QUESTION: Why – look, the people in the Legal Adviser’s Office are very smart and highly qualified people, and they choose to work in government rather than making many, many, many multiples of their salaries in the private sector. But in at least two signal respects, it seems that they failed to do things that you would assume anybody seriously interested in looking into this would have done.

One, they didn’t, until the question got raised in public, look at phone records, right? You guys didn’t even look into that until we asked you about it. And it turns out you don’t have phone records from three years ago. Fine, but they didn’t even, apparently, ask that question.

Secondly, they didn’t, in the course of their review, didn’t even look at emails. So why is it that theirs is the office that where this review or investigation should now be – they missed two obvious things right off the bat, so why should they carry out the —

MR TONER: So a couple of —

MR TONER: Right. Well, I think – so a couple of responses. First of all – and we talked about this last week – is that in spite of the fact that this was an ill-advised action that was taken, there were no rules broken. This was – and we talked about this – the fact that there was nothing governing the editing of State Department video at the time. We have remedied that going forward so that it will never happen again. But the fact was that, as unfortunate as this incident was, it didn’t break any known regulations or policies.

That said, based on an individual coming forward to say I was the person who was contacted about this, they did interview that person. There are always other leads you can follow, and you raised many of them last week when you were asking questions about this. And so given the Secretary’s strong interest, given Congress’s strong interest, and given the media’s strong interest, we’ve decided to continue to look at that.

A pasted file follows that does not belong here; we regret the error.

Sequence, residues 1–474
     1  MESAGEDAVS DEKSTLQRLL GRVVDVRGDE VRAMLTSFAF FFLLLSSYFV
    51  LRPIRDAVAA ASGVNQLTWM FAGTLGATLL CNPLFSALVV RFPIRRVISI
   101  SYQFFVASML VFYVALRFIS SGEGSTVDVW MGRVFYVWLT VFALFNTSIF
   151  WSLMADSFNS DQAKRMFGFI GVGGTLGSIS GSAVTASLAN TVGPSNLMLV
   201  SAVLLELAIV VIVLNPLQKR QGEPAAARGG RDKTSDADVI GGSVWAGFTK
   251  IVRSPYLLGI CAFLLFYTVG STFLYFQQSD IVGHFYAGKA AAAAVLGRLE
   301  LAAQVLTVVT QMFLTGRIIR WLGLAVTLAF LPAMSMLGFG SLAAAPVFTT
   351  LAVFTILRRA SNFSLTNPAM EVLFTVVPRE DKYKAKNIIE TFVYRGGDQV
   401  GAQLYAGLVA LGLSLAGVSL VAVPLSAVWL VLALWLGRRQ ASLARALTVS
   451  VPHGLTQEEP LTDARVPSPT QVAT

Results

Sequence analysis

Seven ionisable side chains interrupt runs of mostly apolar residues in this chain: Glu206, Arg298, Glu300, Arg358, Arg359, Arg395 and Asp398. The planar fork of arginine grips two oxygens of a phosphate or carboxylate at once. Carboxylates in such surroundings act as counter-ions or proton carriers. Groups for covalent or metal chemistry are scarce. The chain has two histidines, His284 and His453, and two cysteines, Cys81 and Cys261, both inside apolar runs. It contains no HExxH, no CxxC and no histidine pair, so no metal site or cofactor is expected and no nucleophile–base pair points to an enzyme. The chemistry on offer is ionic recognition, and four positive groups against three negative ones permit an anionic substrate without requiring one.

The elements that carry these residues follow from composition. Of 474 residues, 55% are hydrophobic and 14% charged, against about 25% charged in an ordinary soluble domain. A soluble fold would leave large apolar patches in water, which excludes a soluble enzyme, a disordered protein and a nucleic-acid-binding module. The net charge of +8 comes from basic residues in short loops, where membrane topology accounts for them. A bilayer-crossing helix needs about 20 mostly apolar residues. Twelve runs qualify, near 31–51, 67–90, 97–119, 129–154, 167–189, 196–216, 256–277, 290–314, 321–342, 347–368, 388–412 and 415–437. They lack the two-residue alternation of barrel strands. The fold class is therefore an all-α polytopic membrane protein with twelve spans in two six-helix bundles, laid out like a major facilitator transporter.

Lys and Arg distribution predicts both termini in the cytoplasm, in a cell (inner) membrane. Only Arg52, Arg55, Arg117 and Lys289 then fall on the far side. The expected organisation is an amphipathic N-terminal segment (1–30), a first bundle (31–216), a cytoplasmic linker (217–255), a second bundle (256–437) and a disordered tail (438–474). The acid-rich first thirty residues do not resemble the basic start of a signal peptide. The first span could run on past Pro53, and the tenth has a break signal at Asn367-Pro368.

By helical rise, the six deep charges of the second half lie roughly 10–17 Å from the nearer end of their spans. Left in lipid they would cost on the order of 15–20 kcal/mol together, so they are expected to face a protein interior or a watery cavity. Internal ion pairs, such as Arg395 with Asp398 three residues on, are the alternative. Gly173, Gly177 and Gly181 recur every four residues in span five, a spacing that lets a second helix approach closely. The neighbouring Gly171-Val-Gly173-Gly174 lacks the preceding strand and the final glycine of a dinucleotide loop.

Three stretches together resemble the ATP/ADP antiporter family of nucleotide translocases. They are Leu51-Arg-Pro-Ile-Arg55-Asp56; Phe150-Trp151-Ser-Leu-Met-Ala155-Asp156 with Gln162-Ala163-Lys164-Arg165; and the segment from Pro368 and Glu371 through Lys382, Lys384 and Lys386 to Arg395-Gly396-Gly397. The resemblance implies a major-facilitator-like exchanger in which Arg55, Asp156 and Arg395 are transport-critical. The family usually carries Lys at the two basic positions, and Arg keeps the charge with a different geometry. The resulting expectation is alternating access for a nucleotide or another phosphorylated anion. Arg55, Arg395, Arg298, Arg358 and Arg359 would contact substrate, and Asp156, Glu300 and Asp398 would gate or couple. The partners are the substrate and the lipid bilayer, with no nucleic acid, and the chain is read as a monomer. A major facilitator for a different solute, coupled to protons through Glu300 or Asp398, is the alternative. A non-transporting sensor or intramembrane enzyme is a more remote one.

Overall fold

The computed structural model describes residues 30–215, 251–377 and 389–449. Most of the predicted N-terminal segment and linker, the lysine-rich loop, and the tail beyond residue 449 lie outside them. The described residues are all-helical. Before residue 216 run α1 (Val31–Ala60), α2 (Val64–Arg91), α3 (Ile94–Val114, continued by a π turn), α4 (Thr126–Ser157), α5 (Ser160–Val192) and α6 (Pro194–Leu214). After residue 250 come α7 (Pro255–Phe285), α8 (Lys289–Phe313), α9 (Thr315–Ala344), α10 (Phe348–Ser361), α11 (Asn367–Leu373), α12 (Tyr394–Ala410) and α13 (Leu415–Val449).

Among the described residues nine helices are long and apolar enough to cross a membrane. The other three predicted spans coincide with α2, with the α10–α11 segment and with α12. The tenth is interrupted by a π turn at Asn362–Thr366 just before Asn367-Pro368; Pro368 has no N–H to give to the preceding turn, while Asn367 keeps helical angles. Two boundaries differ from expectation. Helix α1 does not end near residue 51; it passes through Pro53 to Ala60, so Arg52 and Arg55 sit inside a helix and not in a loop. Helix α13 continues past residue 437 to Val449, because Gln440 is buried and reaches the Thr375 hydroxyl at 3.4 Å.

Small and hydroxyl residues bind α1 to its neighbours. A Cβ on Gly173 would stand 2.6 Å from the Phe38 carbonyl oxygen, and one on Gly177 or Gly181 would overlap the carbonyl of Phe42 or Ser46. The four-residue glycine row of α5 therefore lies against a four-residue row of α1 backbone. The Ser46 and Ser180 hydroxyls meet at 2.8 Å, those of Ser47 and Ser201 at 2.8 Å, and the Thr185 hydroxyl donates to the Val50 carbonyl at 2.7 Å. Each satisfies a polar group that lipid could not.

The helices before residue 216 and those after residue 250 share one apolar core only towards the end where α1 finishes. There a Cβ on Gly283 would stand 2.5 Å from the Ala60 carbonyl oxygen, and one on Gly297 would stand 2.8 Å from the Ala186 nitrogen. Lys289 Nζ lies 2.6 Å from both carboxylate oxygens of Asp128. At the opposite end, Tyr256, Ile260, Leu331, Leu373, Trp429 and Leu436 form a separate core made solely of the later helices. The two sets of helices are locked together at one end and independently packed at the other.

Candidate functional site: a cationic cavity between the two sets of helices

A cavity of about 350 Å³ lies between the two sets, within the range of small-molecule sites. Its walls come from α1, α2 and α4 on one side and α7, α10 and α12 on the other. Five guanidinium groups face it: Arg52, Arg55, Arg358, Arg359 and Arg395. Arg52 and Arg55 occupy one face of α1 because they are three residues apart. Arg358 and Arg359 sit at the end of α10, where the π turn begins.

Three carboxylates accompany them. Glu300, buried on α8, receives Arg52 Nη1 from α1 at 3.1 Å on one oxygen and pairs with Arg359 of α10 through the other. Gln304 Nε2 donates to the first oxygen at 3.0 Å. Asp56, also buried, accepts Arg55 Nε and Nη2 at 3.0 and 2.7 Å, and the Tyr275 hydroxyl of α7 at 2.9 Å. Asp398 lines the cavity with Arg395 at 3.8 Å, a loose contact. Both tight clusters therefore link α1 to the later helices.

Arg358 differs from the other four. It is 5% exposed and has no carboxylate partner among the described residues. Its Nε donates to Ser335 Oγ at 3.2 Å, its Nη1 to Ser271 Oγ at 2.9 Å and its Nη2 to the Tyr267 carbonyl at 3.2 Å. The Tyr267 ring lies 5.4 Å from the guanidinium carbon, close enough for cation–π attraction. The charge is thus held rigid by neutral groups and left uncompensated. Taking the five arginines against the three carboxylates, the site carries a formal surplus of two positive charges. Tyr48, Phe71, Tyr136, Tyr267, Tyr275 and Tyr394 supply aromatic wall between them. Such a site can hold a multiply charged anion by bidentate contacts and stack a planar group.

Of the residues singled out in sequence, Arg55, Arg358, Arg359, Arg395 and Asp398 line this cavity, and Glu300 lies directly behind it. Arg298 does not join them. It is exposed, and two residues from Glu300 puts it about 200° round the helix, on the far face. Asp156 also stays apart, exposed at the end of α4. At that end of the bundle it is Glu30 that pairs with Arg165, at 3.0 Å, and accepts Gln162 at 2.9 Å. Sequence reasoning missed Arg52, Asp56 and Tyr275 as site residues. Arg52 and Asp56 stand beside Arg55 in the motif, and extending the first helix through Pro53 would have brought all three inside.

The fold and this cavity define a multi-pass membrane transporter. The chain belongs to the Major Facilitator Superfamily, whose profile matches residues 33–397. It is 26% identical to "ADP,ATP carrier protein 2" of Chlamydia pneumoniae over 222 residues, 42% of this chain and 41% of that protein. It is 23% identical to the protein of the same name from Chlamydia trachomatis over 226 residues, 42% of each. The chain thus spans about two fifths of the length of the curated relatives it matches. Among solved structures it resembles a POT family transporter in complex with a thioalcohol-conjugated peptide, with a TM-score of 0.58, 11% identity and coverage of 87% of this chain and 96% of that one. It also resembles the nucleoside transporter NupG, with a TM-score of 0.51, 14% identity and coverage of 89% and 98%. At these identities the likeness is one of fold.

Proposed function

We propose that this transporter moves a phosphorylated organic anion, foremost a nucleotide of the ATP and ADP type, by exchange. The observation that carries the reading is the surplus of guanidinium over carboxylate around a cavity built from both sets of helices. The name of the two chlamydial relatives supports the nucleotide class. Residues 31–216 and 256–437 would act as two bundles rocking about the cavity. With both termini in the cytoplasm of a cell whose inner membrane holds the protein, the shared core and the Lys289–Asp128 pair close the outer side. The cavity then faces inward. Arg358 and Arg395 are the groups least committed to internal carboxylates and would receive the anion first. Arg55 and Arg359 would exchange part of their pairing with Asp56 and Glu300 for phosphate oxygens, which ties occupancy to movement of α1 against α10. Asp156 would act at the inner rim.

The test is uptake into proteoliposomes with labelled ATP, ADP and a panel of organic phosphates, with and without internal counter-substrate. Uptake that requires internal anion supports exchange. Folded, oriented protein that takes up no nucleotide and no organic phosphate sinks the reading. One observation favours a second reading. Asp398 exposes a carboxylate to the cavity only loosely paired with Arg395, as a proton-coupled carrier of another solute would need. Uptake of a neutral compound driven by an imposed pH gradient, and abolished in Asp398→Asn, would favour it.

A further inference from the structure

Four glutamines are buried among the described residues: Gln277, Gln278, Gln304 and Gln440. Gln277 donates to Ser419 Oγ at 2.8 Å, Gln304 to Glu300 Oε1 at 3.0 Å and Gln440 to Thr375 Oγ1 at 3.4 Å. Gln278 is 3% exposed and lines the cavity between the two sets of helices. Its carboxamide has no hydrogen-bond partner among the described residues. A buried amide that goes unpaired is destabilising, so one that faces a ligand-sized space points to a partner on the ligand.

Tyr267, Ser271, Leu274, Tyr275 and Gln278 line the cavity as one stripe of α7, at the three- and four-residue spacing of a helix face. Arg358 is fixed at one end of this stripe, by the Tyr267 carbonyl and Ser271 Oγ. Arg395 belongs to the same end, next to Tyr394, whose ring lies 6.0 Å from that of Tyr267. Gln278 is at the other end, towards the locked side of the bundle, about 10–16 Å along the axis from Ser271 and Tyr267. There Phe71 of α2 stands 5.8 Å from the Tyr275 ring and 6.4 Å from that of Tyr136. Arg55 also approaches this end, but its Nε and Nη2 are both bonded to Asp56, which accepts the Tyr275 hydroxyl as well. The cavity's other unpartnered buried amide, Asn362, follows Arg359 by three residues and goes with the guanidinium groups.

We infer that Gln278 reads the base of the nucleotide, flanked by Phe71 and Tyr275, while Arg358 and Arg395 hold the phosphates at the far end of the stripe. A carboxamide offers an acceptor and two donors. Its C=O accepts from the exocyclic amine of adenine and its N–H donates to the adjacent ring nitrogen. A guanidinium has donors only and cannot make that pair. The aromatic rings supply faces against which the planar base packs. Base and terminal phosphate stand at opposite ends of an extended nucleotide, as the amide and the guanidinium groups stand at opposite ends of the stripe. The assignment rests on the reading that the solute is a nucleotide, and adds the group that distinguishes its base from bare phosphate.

And we also said last week that as new information does become available, if it does become available, we would certainly pursue that as well.

QUESTION: But why – I still don’t understand why – why you do not —

MR TONER: Why them and why not us?

QUESTION: — why wasn’t – well, two things. One, why wasn’t a more rigorous review conducted in the first place, right?

MR TONER: Right.

QUESTION: And then second, given that the original review carried out by the Legal Adviser’s Office does not appear to have been as rigorous – well, manifestly was not as rigorous as it might have been – why have them do it? Why not find somebody —

MR TONER: Well, they are – they are an outside entity not within the Bureau of Public Affairs.

QUESTION: Well, yeah. But the Bureau of Public Affairs —

MR TONER: And they’re —

QUESTION: — is not the whole world. They’re part of the State Department.


QUESTION: Mark, can you tell us – you said looking at email records from people in the Public Affairs Office. That includes the spokesperson, the deputy spokesperson, or is this just staff? I mean, how are you defining the parameters?

MR TONER: Sure. We’re looking at leadership at the time, so people who were in leadership positions. I’ll put it that way.

QUESTION: And have you – and in the search so far, you’ve found no record of any request for this or interest in this —


QUESTION: — or any evidence of tampering so far?

MR TONER: No, no.

QUESTION: Then can you be more explicit about who leadership is? Does that mean the assistant secretary? Does that mean the DASs in the bureau? Does that mean the spokesperson? Does that mean the deputy —

MR TONER: We’re looking at all – all the relative people who were occupying leadership positions. So spokesperson, deputy spokesperson, assistant secretaries, deputy assistant secretaries at the time who would have had purview over the video. So – and again, while we’re looking at all of this, let me again be very clear that both the spokesperson at the time and the deputy spokesperson at the time both came out strongly with statements publicly that they had nothing to do with it, no knowledge of it, and we’ve found nothing thus far to – that in any way indicates otherwise.


QUESTION: And who – was only one person interviewed? You said “the person who was interviewed.” Was only one person interviewed as part of their review?